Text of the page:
Kittens everywhere! Creating more adoptions with better adoption photos

This time of year our local shelters are overrun with beautiful kittens! The challenge becomes how to photograph them quickly and easily to get them noticed. I recently spent the day at a local shelter photographing kittens on site. We brought one studio light with us ( a Westcott TD5 with a shoot-through umbrella softbox) and a reflector. This type of lighting is one of my favorites to use with shelter animals because it doesn’t flash. It’s a constant, bright daylight-balanced light source that is very soft and easy to use. It also doesn’t get hot, which is a plus. For the background I used a wide roll of paper that I bought at a teacher’s supply web site. It’s thin like wrapping paper, but designed for teachers to use as a background for their bulletin boards in the classroom. So it’s wider than wrapping paper — in this case, 42″ wide — which is the same width as the folding table I used.

teresa berg adoption photos

pet photography in the shelter can be challenging

With my wonderful assistant and a volunteer from the shelter that would pull kittens from their cages and walk them to our photo “corner” we were able to photograph over 40 cats in one day. We were set up in separate room that was usually used for adopters to fill out their paperwork, but the shelter was closed that day.

focus-on-rescue-collage

It’s always a plus to find a quiet space to work, as cats are wary and easily spooked. Kittens are easily distracted with a string or a toy, so my assistant used toys, feathers and treats to keep them happy while we quickly photographed them. I would advise shooting at 2.8 to make it a little easier to get the eyes in focus, and use paper without a strong horizontal pattern, as that always distracts the eye when it’s not “level”. Other than that, I was happy with our project. Kittens are a lot of fun and using a table enabled us to work standing (I sat in a rolling chair when I was shooting) instead of sitting on the floor which is a big plus. A ribbon or some jewelry gives them that little pop of color and they don’t seem to mind. Good luck with kittens!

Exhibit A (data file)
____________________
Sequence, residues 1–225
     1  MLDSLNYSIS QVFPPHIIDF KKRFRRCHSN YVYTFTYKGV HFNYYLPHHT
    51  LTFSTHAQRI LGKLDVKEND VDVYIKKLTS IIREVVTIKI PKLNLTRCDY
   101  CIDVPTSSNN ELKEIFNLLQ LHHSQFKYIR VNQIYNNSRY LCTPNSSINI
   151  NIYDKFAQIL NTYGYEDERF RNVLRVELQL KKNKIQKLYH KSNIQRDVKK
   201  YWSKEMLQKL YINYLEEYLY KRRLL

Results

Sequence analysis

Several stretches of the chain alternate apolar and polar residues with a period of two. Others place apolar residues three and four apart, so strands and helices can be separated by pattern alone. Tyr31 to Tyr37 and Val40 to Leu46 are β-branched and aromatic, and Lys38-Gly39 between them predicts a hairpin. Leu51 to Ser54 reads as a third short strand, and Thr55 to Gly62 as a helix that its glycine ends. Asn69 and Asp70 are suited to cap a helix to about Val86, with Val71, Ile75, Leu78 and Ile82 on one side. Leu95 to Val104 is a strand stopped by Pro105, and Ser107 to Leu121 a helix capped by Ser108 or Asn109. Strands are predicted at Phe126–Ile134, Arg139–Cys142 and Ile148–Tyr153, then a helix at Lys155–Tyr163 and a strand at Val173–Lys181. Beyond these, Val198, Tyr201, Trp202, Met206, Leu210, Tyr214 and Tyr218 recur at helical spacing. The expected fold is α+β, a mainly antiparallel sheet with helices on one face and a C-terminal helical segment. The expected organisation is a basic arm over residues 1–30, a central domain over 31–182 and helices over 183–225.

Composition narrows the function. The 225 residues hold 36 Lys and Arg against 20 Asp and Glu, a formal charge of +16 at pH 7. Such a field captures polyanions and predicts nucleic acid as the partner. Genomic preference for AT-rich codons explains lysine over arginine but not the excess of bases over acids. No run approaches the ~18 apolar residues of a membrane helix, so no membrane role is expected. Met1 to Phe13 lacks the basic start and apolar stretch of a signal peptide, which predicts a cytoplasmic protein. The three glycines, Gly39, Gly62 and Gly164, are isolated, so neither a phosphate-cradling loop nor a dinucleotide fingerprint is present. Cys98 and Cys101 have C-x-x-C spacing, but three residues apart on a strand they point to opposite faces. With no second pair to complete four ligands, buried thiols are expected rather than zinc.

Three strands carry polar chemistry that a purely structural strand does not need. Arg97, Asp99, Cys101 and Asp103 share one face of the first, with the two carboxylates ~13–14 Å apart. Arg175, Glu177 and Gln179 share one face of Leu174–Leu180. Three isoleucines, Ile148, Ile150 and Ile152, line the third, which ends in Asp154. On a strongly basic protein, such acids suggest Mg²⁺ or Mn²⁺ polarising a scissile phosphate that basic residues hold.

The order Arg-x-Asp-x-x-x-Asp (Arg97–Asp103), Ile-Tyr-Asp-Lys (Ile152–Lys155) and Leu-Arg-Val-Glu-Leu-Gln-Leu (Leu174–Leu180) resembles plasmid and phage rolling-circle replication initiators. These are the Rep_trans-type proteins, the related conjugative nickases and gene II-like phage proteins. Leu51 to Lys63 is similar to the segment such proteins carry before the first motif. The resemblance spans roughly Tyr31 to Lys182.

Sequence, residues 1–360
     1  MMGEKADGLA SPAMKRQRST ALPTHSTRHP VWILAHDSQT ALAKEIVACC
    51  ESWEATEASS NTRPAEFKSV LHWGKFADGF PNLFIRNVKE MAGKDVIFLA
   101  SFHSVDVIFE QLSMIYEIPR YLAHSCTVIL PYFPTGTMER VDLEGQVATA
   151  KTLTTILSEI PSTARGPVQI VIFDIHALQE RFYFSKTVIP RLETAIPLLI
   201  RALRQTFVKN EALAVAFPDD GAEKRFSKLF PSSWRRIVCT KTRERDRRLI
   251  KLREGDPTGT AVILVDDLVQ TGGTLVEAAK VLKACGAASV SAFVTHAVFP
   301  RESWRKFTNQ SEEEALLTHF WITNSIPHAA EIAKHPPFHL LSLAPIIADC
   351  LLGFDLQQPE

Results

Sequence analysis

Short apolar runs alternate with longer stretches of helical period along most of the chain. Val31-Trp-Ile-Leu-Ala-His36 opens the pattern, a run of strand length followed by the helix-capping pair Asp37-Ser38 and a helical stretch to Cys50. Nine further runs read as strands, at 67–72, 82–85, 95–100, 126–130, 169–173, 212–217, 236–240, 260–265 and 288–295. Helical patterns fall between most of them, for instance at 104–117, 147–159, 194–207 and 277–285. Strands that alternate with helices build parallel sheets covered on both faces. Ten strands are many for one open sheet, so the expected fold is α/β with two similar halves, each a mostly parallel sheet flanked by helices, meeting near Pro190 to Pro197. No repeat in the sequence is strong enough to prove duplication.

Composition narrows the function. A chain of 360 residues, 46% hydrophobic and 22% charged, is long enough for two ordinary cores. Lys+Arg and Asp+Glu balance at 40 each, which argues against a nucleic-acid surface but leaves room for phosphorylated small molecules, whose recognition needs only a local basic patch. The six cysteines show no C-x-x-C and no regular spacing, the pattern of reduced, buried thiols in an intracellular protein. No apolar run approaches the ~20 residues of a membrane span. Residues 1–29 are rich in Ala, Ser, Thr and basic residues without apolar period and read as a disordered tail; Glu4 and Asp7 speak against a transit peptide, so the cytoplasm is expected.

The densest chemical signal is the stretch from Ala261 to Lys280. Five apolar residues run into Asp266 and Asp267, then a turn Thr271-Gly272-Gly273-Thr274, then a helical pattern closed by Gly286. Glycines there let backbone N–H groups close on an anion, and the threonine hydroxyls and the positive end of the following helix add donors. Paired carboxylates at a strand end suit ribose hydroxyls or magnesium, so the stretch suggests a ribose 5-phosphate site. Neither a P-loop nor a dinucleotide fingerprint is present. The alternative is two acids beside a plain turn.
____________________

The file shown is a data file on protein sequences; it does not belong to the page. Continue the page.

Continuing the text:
7 comments

  1. I absolutely love these shots of kittens! I do a lot of cats and kittens at the shelter, and they are challenging. I have searched online for the background paper you used, but I couldn’t find it on the teacher sites I looked at. Do you mind revealing your source?? Thanks always for your inspiration!

  2. Love that you shared this on cats. I have a local shelter that has nothing but cats and was wondering how i could help there with photos. The photos they take are nice but the cats are usually in the cage. I would like to try to helo them get them out with backdrop. Would you happen to have any pull back shots of your set up for this type of shoot? Thank you for sharing with others.

    1. Hi Kym, I had some pull back but honestly they aren’t too helpful because we were in such a small room I couldn’t really show the complete set up. I’m going back next week and I’ll see if I can get a pull back. It’s only a one light set up in a big umbrella, so I put the light directly in front of my subject, slightly above their eye level. I sat on a stool and shot at eye level right beneath the umbrella. very simple.

  3. Thank you Teresa! I would love to see a pull back. Thank you so much for sharing! I hope to come back to take more workshops with you. You are so wonderful to share your knowledge with others.

    1. Teresa: What size was the big umbrella that you used to photograph the kittens with the continuous light? Was it the parabolic umbrella that you used in workshop? How did you have backdrop with table? Was backdrop on portable stand? I wish i could go with you and be your assistant when you actually go to the shelters. That would be so awesome to see how you make it all work in a small space and with the animals at the shelter.

  4. No, not a parabolic. Not enough room for that. It was just Apollo Halo (about 50″ I think) I brought a big foam core board which rested on the table (and leaned against the cabinets behind) and I taped the top of the roll of paper to the foam core. But it could easily have been taped to the wall, the paper is so light. I just used the foam core because the cabinet handles were in the way and I could tape it flat to the face of the cabinets . I’m going again next week and I’ll take some pull backs… but be creative…. there’s many ways to do it.

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